Chapter XIII. The Armed Forces of Athens.
But the warrior's main protection is his SHIELD. With a strong, large shield you can fight passing well without any regular body armor; while with the best outfit of the latter you are highly vulnerable without your shield. To know how to swing your shield so as to catch every possible blow, to know how to push and lunge with it against an enemy, to know how to knock a man down with it, if needs be, THAT is a good part of the soldier's education. The shield is sometimes round, but more often oval. It is about four feet by the longest diameter. It is made of several layers of heavy bull's hide, firmly corded and riveted together, and has a good metal rim and metal boss in the center. On the inside are two handles so that it can be conveniently wielded on the left arm.[*] These shields are brilliantly painted, and although the Greeks have no heraldic devices, there are all manner of badges and distinguishing marks in vogue. Thus all Theban shields are blazoned with a club; Sicyonian shields are marked with the initial "Sigma" (S), and we note that the Athenian shields are all marked Alpha (A).[+]
[*]Earlier Greek shields seem to have been very large and correspondingly heavy. These had only a single handle; and to aid in shifting them they were swung on straps passed over the left shoulder.
[+]This last is a matter of safe inference rather than of positive information.
90. The Weapons of a Hoplite. - The hoplites have donned their armor. Now they assume their offensive weapons. Every man has a lance and a sword. The LANCE is a stout weapon with a solid wooden butt, about six feet long in all. It is really too heavy to use as a javelin. It is most effective as a pike thrust fairly into a foeman's face, or past his shield into a weak spot in his cuirass. The sword is usually kept as a reserve weapon in case the lance gets broken. It is not over 25 inches in length, making rather a huge double-edged vicious knife than a saber; but it is terrible for cut and thrust work at very close quarters. Simple as these weapons are, they are fearful instruments of slaughter in well-trained hands, and the average Greek has spent a considerable part of his life in being taught how to use them.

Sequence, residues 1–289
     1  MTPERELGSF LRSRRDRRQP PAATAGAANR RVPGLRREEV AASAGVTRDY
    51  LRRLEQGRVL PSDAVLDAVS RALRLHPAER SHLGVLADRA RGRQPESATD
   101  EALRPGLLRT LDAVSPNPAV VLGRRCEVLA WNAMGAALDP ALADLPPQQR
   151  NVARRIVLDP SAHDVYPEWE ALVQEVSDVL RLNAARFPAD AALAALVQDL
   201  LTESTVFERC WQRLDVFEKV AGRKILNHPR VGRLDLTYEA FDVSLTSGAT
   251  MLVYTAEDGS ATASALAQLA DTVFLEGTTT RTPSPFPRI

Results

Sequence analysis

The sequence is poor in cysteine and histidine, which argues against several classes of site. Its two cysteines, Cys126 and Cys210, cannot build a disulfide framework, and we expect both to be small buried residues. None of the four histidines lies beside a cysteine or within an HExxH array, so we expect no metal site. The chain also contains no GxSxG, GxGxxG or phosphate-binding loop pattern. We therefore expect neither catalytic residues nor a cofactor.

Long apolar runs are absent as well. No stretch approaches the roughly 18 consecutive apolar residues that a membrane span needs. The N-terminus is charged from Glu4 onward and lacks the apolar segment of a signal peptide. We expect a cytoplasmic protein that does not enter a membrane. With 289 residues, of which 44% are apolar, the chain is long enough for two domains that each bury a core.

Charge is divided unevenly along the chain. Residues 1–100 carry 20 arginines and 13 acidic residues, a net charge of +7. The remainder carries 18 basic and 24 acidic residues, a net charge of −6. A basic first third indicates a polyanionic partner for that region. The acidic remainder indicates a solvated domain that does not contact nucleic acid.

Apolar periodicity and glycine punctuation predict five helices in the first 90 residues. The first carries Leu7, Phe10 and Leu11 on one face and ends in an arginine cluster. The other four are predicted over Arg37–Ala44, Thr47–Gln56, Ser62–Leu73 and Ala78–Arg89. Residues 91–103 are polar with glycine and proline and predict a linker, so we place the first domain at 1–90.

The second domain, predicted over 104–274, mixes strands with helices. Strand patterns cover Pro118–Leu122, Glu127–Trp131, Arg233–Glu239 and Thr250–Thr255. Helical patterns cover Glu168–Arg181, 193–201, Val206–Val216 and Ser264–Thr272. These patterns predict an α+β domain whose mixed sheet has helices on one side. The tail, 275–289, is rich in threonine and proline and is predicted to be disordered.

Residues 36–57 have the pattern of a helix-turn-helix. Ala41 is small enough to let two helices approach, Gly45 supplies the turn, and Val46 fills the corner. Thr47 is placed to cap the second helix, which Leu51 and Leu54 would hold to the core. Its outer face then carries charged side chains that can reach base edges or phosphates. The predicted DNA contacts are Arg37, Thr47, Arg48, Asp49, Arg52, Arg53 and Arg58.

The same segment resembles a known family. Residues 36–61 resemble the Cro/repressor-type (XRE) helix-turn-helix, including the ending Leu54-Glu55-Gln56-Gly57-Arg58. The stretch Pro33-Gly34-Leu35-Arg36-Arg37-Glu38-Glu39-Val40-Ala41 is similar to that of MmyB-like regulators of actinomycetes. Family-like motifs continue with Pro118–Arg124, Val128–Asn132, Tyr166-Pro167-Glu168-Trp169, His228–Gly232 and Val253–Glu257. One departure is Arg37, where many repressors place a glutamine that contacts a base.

91. Infantry Maneuvers. - The final trumpets have blown, and the troops fall into their places. Each tribal "taxis" lines up its "lochoi." The Greeks have no flags nor standards. There is a great deal of shouting by the subaltern officers, and running up and down the ranks. Presently everything is in formal array. The hoplites stand in close order, each man about two feet from the next,[*] leaving no gaps between each division from end to end of the lines. The men are set in eight long ranks. This is the normal "phalanx"[+] order. Only those in front can actually lunge and strike at the enemy. The men in the rear will add to the battering force of the charge, and crowding in closely, wedge themselves promptly to the front, when any of the first rank goes down.
[*]The object would be to give each man just enough distance to let him make fair use of his lance, and yet have his shield overlap that of his neighbor.
[+]The "phalanx" is sometimes spoken of as a Macedonian invention, but Philip and Alexander simply improved upon an old Greek military formation.
It is an imposing sight when the strategos in charge of the maneuvers, a stately man in a red chlamys, gives the final word "March!"
Loud pipes begin screaming. The long lines of red, blue, and orange plumes nod fiercely together. The sun strikes fire out of thousands of brandished lance tips. The phalanx goes swinging away over the dusty parade ground, the subalterns up and down the files muttering angrily to each inapt recruit to "Keep your distance:" or "Don't advance your shield." The commandant duly orders the "Half turn:" "Left" or "Right turn:" "Formation by squares," and finally the critical "Change front to rear." If this last maneuver is successfully accomplished, the strategos will compliment the drill sergeants; for it is notoriously difficult to turn a ponderous phalanx around and yet make it keep good order. The drilling goes on until the welcome order comes, "Ground arms!" and every perspiring soldier lets his heavy shield slip from his arm upon the ground.
92. The Preliminaries of a Greek Battle. - Later in the day, if these are happy times of peace, the whole phalanx, so bristling and formidable, will have resolved itself into its harmless units of honest citizens all streaming home for dinner.